It was a silly stance by him, but he compounded it by demanding that we use the right “stats.’’ Taylor wants us to point out that the Steelers defense ranks fifth in fewest yards allowed and fourth in fewest passing yards allowed. I’ll bet that is real comforting to Mike Tomlin. Perhaps Taylor should study more video on his own play and that of his opponents rather than spend that time reading and listening to what the local media has to say.


  8. #118

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    [url] u.1208/index.html[/url]

    Steelers rallying around embattled CB Ike Taylor

    PITTSBURGH (AP) - Ike Taylor's skin - the figurative kind - has grown thick over a decade developing a reputation as one of the NFL's better cover guys.
    The veteran Pittsburgh Steelers cornerback is relying on that mental toughness to get him through the most difficult stretch of his career.
    Following a brutal night in which the most experienced member of Pittsburgh's secondary was beaten relentlessly in a stunning 26-23 loss to Tennessee last week - surrendering the game-tying touchdown in the fourth quarter chief among his missteps - Taylor understands teams no longer fear throwing his way.
    "They're going to try me,'' Taylor said. "Why wouldn't you? I've got 10 years of tape. I know going into the game that's going to happen.''
    Only it seems to be happening with more regularity for Taylor. Typically charged with covering an opponent's No. 1 receiver, Taylor has found himself on the wrong end of pass completions in critical situations through the season's first month for the Steelers (2-3), who play at Cincinnati (3-3) on Sunday night.
    Even Taylor allows his performance isn't quite up to the level. Then again, neither is the rest of the defense for a team that hasn't gotten off to its usual fast start under coach Mike Tomlin.
    Pittsburgh is fifth in the league in yards allowed and fifth against the pass. Good numbers, yes, but it's the ones on the scoreboard at the end of games that are causing some early season angst.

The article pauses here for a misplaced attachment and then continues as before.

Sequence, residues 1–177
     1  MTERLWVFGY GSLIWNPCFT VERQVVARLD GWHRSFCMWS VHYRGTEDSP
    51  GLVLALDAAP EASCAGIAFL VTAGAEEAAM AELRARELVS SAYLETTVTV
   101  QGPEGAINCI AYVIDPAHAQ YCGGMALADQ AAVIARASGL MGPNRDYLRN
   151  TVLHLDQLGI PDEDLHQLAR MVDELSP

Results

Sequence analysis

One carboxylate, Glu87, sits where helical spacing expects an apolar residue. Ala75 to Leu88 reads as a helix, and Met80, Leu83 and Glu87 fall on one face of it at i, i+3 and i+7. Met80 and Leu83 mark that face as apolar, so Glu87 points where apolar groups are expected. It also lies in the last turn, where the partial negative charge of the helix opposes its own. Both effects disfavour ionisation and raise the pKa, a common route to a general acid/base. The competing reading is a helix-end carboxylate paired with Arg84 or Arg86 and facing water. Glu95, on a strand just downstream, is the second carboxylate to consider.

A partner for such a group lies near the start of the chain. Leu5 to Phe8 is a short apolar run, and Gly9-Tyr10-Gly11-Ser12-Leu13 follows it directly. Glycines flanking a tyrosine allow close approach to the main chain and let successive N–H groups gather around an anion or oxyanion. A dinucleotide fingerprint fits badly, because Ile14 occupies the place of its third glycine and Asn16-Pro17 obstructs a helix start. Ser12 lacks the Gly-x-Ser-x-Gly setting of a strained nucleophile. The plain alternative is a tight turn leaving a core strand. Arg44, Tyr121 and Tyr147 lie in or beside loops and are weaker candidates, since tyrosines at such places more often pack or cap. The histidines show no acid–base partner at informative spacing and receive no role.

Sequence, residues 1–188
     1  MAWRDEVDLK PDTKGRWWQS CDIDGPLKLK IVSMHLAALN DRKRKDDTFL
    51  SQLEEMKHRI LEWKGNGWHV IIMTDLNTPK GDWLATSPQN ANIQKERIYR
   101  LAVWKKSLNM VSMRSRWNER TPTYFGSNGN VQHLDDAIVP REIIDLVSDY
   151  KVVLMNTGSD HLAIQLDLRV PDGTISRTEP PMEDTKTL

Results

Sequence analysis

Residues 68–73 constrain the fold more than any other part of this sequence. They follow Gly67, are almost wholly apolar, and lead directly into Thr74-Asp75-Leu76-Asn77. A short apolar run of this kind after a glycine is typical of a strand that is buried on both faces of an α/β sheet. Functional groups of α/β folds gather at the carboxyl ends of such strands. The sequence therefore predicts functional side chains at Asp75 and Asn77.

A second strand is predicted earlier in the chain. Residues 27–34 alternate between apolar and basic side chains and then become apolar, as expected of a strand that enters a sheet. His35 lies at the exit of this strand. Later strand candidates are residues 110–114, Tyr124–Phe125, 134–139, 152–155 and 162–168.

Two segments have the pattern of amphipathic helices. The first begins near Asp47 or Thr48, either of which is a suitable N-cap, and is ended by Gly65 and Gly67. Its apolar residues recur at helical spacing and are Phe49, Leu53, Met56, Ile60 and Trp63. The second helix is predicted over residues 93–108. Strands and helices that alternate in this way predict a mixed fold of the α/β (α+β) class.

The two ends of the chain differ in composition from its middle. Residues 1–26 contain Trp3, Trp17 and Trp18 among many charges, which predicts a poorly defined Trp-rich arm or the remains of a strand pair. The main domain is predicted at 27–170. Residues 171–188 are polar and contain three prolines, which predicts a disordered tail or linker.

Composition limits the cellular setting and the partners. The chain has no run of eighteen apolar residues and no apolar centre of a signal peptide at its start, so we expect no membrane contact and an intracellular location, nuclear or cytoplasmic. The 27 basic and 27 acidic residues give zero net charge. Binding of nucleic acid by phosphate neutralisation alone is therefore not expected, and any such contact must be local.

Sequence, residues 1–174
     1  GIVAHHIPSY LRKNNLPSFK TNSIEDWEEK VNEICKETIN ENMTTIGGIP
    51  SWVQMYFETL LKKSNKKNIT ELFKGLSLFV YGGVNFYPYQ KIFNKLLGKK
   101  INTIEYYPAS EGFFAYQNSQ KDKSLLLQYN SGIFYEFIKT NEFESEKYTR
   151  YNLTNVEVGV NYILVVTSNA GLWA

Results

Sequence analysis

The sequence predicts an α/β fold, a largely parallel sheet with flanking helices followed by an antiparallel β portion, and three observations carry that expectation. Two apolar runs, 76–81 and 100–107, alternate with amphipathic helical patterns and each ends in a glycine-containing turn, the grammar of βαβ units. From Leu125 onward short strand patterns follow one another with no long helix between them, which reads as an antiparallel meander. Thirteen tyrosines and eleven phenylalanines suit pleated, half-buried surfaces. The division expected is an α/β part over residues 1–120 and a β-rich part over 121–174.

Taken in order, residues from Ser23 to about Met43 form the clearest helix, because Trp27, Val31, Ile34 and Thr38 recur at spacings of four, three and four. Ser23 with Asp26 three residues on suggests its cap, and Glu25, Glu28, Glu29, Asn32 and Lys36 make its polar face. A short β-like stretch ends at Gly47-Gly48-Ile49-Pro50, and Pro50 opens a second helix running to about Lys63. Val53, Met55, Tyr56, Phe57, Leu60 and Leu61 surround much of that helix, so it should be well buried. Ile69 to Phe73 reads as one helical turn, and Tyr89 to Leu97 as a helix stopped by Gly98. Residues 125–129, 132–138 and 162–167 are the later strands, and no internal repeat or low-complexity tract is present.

The Steelers are allowing 23 points a game - more than a touchdown than the 14.2 they surrendered a year ago - and opponents have already thrown for nine scores, putting Pittsburgh on pace to give up the most passing touchdowns in team history.
    "It's all correctable,'' Taylor said.
    It's a refrain the team has issued repeatedly since a season-opening 31-19 loss at Denver, when Peyton Manning engineered a second-half comeback in his first game in more than a year. It resurfaced two weeks later when Carson Palmer and the Oakland Raiders put up 34 points to cap another late rally.
    And it's back yet again after the Titans rolled up 113 yards and 10 points on its final two possessions, including a 4-yard pass from Matt Hasselbeck to Kenny Britt in which Taylor couldn't close in time to knock the ball out of Britt's hands.
    It was the final gash in one of the roughest games of Taylor's otherwise solid career. He was flagged for pass interference twice and defensive holding once in addition to grasping at air rather than a receiver in critical situations.
    His teammates have rallied to Taylor's defense while at the same time insisting the last thing he needs is a pep talk.
    "There were tons of plays that a lot of us didn't make,'' safety Ryan Clark said. "What you don't do is create a problem. You don't start to panic and try to give him all these solutions and `Oh, I'm in your corner and I want to help you.' This is not a situation to where he is putting the team in position to lose.''
    Defensive coordinator Dick LeBeau believes there is plenty of heat to go around. The Steelers aren't putting much pressure on the quarterback - they're averaging a so-so 2.2 sacks per game - and have spent the first portion of the year dealing with injuries to safety Troy Polamalu and linebackers James Harrison and LaMarr Woodley among others.
    Given time to work, Manning, Palmer and Hasselbeck were all able to play like guys in the middle of their prime, not ones well on the other side of their careers.
    "It's not the line, it's not the linebacker, it's not the defensive backs and it's not the defensive plays that are called, but it's a combination thereof,'' LeBeau said. "All these players are one-play games and we have to be the ones that make the play at the end of the game to make things swing our way.''
    It's something Taylor flourished at last fall when he put together a Pro Bowl-caliber season, one that ended with him chasing Denver's Demaryius Thomas into the end zone on the first play of overtime as the Broncos pulled off a stunning 29-23 wild card victory.